New money headache for Jubilee
The government Friday admitted to having difficulties releasing funds to departments and paying suppliers.
In an interview with the Saturday Nation,National Treasury Secretary Henry Rotich said the delays were due to technicalities surrounding restructuring of national government functions, and measures to bring county governments into the funds disbursement system.
In the new dispensation, for instance, the Sh210 billion allocated to counties in the budget has to be disbursed as a separate vote.
State House, in a statement, said the matter squarely lay with the Treasury.
“If you have talked to the Cabinet Secretary at the National Treasury, those are the President’s people. You should take what they have told you because they are the experts. They are in the know.”
Mr Rotich’ spoke amid speculation that the government was actually broke — the early pain of lofty campaign promises it is struggling to keep and a lukewarm relationship with donors.
“Get this from me: development partners… are cutting down on engagement with government because of impunity and corruption levels, which are forbidden by their own statutes back home,” said a civil society activist.
But Mr Rotich said “the issues have been technical, not cash flow problems”.
By Thursday, a total of Sh78 billion remained undisbursed— drying up the government cash cycle. However, Mr Rotich said the amount had since been reduced to less than Sh40 billion by yesterday as the system picked up.
The hitch reportedly left over 450,000 civil servants, who are normally paid by 25th of every month, waiting for more than a week for their salaries.
Piecing the pieces together
“We still had the old payrolls of the 44 ministries in the former government and there were technicalities in trying to harmonise them in line with the new structure of 18 ministries,” Mr Rotich said.
The most affected ministries are Health, Agriculture, Livestock and Fisheries— whose functions have been devolved and funds allocated to the counties.
Request by counties for the national government to handle the payroll on their behalf complicated the process.
“The officials who were supposed to be paid under the county government structure now want to be paid by the national government. The county governments don’t have payrolls now and we are being hit left, right and centre by the people who wanted functions to be devolved.” Mr Rotich said. “We have, however, agreed with the county governments that all these issues should be streamlined and addressed in the next six months.”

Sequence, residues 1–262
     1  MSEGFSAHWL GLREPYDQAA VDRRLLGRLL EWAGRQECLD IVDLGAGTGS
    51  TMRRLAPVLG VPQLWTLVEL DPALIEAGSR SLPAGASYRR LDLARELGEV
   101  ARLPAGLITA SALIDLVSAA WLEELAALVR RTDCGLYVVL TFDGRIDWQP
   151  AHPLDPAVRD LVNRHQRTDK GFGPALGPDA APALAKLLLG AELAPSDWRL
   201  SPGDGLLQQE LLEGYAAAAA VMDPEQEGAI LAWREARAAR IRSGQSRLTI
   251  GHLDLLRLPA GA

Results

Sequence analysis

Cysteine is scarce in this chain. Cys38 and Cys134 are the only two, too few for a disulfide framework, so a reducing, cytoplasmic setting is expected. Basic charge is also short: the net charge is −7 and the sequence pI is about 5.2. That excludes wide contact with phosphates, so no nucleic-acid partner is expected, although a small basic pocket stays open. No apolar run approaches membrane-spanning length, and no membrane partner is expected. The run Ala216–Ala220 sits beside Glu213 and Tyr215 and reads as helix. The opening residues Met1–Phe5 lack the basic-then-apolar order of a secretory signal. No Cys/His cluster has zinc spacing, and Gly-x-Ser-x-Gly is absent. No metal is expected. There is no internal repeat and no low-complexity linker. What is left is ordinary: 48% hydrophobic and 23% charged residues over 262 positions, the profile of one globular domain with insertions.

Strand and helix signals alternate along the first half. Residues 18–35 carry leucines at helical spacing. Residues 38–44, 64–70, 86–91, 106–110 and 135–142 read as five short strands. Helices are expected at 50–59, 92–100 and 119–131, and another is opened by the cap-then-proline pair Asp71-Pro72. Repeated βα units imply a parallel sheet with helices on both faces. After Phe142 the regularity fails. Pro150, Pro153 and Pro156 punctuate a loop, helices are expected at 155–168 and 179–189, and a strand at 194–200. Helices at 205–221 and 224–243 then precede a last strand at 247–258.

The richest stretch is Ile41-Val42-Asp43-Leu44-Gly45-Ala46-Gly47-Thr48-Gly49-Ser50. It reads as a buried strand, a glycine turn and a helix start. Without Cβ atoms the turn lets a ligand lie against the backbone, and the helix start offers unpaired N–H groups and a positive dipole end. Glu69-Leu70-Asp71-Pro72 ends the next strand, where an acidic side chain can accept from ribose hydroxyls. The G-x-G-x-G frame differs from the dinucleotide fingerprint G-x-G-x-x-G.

The confusion has since seen doctors and nurses issue strike notices, saying they needed clarity on who between the national government and counties would pay their salaries. They have expressed preference for remaining as employees of the national government.
On Thursday, the ministries of Devolution and Planning, Health and the National Treasury sought to allay fears over the delayed salary disbursement, saying the on-going restructuring as stipulated in the Constitution was to blame.
“The National Treasury will immediately facilitate the disbursement of funds to ministries to cater to the July 2013 payroll following authorisation of the office of the Controller of Budget,” read the statement signed by Mr Rotich, Ms Anne Waiguru (Devolution) and Mr James Macharia (Health).
Many contractors in the road and energy sector are yet to be paid following the devolution of functions and funds intended to implement the projects of Rural Electrification Authority, Kenya Urban Roads Authority and Kenya Rural Roads Authority.
Failure by the Senate to pass the County Allocation of Revenue Bill has led to delays in disbursement of the funds to these bodies to pay contractors.
MPs are also scheduled to receive their car grants starting next week. It is, however, yet to be known whether primary school teachers who were on strike for the better part of last month will receive their July pay after Education Secretary said they would not be paid as they did not work.